These include factors such as the amount of moisture in the ground, what kind and how many insects live there, how extreme the temperature changes are, etc.

It depends on the location, the type, and how well the wood was preserved before burial that determines how long ground-contact wood lasts.

The wood will generally not last as long if the ground is very moist or if the surrounding temperature changes frequently.

A properly treated piece of wood can usually live for at least 8 years in the ground, although predicting how long it will last is impossible. It is possible for most posts to last much longer, especially if they are cast in concrete.

Choosing the Right Kind of Wood for Ground Contact

If you choose the right kind of wood, you can easily quadruple your project’s lifespan. Just prepare the wood for ground contact and you’re good to go.

The first step to creating something durable is to choose the right type of wood. This is especially true if your project is exposed to contact or partially buried.

First off, if you’re going to have the wood in contact with the ground, I’d highly recommend using pressure-treated wood.

The ICC (International Code Commission) or the AWPA (American Wood Protection Association) only treat pressure-treated wood in accordance with their standards.

You can use either UC 4A or UC 4B treated lumber. There are labels on the wood that indicate its use below ground.

In spite of the fact that this lumber is designated as below-ground use, it still needs to be prepared for contact with the ground by treating it with wood preservative according to the instructions above. This is especially true if the wood has been cut before being used!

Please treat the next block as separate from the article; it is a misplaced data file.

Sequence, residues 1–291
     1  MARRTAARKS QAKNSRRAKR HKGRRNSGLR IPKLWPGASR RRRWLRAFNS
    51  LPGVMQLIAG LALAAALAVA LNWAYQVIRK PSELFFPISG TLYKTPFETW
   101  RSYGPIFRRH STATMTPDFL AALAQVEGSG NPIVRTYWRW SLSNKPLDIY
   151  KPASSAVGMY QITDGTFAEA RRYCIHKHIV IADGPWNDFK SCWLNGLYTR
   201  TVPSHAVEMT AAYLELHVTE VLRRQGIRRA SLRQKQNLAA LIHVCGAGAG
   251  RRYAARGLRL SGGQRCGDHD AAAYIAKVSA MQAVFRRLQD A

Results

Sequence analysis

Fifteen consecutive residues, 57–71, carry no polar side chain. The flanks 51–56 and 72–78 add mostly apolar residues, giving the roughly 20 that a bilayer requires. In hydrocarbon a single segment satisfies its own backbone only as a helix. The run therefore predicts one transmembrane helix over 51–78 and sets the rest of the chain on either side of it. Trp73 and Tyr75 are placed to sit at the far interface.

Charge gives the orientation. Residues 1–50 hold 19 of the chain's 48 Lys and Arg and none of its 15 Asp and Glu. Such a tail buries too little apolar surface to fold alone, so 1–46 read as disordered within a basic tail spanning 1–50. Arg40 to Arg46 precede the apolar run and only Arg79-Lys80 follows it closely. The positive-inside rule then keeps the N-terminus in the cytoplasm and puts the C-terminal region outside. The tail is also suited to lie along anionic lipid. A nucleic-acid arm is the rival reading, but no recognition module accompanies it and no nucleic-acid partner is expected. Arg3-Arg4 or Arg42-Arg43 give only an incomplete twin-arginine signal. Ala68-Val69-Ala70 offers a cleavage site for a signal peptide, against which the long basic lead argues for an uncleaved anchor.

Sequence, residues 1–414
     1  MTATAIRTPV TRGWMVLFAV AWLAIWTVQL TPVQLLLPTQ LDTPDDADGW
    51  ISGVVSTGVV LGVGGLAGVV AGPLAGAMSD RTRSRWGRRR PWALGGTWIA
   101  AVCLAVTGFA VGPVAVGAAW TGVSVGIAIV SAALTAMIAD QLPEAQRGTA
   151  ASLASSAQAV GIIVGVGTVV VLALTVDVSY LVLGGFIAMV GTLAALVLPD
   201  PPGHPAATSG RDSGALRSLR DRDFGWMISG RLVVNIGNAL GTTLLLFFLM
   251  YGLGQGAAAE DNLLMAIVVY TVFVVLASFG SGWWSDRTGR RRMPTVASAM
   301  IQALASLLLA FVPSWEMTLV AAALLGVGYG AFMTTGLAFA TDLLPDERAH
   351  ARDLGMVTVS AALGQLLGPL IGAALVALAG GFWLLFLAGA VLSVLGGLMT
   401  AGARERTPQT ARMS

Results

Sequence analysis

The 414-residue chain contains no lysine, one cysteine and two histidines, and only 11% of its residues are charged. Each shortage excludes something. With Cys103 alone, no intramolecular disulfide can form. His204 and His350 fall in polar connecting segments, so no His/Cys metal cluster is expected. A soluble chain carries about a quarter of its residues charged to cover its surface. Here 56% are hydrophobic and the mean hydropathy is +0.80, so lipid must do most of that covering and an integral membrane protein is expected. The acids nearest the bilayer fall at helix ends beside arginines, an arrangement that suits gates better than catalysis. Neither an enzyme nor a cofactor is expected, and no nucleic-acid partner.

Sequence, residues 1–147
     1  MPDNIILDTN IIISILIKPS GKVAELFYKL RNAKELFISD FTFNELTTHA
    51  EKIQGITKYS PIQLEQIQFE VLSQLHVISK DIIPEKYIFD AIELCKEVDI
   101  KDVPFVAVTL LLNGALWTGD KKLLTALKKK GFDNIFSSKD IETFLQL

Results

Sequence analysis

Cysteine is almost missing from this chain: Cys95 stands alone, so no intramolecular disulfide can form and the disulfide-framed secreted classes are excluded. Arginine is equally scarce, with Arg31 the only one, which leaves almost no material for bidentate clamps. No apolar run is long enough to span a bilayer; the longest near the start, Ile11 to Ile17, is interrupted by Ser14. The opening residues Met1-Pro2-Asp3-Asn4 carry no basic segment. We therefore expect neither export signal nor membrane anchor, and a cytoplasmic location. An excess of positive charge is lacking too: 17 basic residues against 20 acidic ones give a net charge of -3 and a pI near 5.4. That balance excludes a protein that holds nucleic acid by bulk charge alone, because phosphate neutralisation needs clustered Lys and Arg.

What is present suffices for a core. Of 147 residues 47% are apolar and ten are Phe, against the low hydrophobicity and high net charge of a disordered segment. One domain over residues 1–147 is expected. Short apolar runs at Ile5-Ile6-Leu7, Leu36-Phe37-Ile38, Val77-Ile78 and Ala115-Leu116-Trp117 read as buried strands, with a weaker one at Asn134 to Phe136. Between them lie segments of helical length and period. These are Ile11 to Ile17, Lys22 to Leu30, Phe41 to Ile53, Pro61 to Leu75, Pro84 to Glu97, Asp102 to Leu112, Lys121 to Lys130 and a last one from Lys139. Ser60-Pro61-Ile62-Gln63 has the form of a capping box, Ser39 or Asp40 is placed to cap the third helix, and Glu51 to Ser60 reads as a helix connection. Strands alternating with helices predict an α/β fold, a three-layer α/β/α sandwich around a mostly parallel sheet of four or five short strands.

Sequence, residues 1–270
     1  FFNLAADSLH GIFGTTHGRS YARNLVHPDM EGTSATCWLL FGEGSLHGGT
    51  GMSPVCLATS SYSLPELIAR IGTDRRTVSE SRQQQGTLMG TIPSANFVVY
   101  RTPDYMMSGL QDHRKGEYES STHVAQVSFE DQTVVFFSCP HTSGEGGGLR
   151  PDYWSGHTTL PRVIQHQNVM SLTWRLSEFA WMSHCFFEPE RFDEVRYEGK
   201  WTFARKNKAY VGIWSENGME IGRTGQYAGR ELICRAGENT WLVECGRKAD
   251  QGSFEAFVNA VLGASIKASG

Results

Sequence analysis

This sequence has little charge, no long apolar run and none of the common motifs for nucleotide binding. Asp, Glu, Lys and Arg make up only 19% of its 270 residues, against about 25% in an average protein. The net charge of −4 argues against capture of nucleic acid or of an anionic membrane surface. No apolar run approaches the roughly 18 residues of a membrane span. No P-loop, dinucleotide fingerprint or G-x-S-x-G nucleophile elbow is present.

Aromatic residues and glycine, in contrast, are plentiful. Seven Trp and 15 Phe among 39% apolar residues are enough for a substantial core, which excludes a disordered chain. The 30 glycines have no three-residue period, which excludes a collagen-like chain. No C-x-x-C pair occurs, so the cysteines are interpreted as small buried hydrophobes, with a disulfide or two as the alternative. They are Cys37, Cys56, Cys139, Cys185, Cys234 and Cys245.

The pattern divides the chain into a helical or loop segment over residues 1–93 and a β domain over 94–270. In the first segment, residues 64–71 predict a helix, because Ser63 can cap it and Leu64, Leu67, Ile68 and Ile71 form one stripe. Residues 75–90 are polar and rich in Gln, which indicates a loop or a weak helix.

Several types of wood are particularly suitable for underground use. There are different types of wood that are suitable for different places.

Cypress Wood

Cypress Wood

For underground use, cypress wood is the best choice. Below-ground applications benefit from its natural moisture resistance.

You can choose cypress wood if you are not sure what kind to choose. This one is a no-brainer!

White Cedar

Those who live in swampy or wet environments will probably benefit most from white cedar.

Natural resistance to fungus of all kinds, as well as natural resistance to rot, make cedar a perfect wood for outdoor construction. Make sure the white cedar you purchase is pressure treated and either labeled UC 4A or 4B!


There are some examples of redwoods living up to 100 years old, making them one of the oldest woods on the planet.

Thus, it should not come as a surprise that it is one of the toughest wood types, showing its ability to withstand conditions that would otherwise cause most other woods to crumble.

In terms of ground contact effectiveness, redwood rivals even pressure-treated wood when it comes to being one of the best woods to use.

Pressure-Treated Wood

There is a lot of talk about pressure-treated wood, but what exactly does it mean?

Wood that has been pressure-treated has been treated with a range of chemicals and then placed into a pressurized chamber so that the chemicals bond with the fibers of the wood.

The rot, mold, insect infestation, moisture damage, abrasion, and general decay of pressure-treated wood are highly resistant.

Reasons for Prolonged Wood and Ground Contact